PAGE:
Proof of Endurance



The Telegraph newspaper in the UK has declared Cape Town, South Africa, “the greatest city in the world to visit right now”.

It always feels good when the rest of the world acknowledges it … and the compliments for Cape Town are bursting in this particular Telegraph article, starting with the fact that not only has Cape Town and the surrounding winelands returned to pre-pandemic normal, but that it’s “positively revamped and recharged”!

Travel writer Simon Parker says that “after two years of local lockdowns and international red listing, the city of wine and waves is back with a pop and a fizz.”

With both BA and Virgin reinstating their direct flights to Cape Town, and United Airlines resuming its New York – Cape Town route (3 non-stop flights per week from 5 June), tourism is making up fro bleak times.

See TheTelegraph for full article

Further proof of ‘endurance ‘’ of another kind also in the headlines.

The Endurance, the lost vessel of Antarctic explorer Sir Ernest Shackleton, was found at the weekend at the bottom of the Weddell Sea. 
The ship was crushed by sea-ice and sank in 1915, forcing Shackleton and his men to make an astonishing escape on foot and in small boats.

Scientists have found and filmed one of the greatest ever undiscovered shipwrecks 107 years after it sank. Video of the remains show Endurance to be in remarkable condition.

Even though it has been sitting at a depth of 3008 metres, in 3km (10,000ft) of water for over a century, it looks just like it did on the November day it went down.
Its timbers, although disrupted, are still very much together, and the name – Endurance – is clearly visible on the stern.

“Without any exaggeration this is the finest wooden shipwreck I have ever seen – by far,” said marine archaeologist Mensun Bound, who is on the discovery expedition and has now fulfilled a dream ambition in his near 50-year career.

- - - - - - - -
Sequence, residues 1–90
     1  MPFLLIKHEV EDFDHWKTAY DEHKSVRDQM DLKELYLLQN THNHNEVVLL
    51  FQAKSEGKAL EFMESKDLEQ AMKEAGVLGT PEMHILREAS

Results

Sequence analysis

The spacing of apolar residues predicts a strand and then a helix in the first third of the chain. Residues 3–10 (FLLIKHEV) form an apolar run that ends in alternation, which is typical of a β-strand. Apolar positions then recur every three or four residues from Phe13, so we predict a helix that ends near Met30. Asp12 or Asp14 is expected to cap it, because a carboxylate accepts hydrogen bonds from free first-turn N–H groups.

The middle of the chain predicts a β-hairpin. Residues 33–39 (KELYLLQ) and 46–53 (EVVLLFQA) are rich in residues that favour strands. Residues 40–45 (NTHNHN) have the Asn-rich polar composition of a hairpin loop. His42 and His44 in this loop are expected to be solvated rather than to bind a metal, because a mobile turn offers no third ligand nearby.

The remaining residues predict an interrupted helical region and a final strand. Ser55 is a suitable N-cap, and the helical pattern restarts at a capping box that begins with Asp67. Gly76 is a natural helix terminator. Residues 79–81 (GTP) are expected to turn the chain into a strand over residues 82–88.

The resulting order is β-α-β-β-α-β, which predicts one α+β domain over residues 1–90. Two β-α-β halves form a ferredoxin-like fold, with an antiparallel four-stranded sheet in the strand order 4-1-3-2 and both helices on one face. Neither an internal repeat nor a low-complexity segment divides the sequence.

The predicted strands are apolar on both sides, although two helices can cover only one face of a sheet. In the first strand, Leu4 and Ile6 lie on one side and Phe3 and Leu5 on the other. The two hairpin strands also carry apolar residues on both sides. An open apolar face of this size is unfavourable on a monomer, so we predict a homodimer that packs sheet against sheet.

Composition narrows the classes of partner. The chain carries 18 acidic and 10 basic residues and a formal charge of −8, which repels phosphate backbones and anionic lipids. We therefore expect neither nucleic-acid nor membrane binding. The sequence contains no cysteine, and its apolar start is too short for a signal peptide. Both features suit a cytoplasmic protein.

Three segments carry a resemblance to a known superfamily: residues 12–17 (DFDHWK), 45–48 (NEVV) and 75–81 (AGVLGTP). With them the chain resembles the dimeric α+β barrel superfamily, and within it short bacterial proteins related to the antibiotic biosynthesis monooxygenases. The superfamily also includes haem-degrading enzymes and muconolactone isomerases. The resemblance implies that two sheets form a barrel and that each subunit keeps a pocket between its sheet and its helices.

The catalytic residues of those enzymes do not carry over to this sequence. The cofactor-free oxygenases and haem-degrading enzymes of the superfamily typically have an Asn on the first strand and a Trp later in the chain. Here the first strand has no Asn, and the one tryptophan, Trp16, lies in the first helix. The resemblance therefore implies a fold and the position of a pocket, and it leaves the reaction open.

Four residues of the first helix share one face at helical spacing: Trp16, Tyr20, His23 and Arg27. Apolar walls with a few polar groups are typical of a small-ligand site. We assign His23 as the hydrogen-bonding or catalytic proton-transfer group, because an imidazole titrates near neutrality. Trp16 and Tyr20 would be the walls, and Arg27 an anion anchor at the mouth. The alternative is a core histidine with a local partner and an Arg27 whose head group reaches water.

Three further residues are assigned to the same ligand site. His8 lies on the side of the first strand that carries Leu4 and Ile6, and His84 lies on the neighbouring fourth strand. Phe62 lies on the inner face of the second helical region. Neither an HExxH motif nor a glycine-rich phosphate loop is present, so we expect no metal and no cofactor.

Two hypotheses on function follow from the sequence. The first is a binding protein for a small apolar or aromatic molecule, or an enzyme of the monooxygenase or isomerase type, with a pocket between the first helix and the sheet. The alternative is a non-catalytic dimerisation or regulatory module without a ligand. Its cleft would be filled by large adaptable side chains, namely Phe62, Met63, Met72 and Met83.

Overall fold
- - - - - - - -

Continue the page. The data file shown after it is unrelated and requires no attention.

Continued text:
Two reasons why was this ship is so prized
The first is the story of Shackleton’s Imperial Trans-Antarctic Expedition.
It set out to make the first land crossing of Antarctica, but had to abandon the quest when the expedition ship, the Endurance, was trapped and then holed by sea-ice.
From then on it was all about survival. Shackleton somehow managed to get his men to safety, an escape that saw the Anglo-Irish explorer himself take a small lifeboat across ferocious seas to get help.

The other reason was the challenge itself of finding the ship. The Weddell Sea is pretty much permanently covered in thick sea-ice, the same sea-ice that ruptured the hull of Endurance.
Getting near the presumed sinking location is hard enough, never mind being able to conduct a search.
But this past month has seen the lowest extent of Antarctic sea-ice ever recorded during the satellite era, which stretches back to the 1970s. The conditions were unexpectedly favourable.

The expedition to find Endurance has cost an anonymous donor over $10-million, and was made possible by South Africa’s icebreaker, SA Agulhas II, which set off from Cape Town in early February with the Endurance22 Expedition team on board – including archaeologists, extreme environment filmmakers and scientists.
The Endurance is now protected as a Historic Site and Monument under the Antarctic Treaty.

Endurance article courtesy of Jonathan Amos in the BBC
Middle image credit: Getty Images/SPRI. The Endurance in 1915
Bottom Image of SA Agulhus, courtesy of SA People

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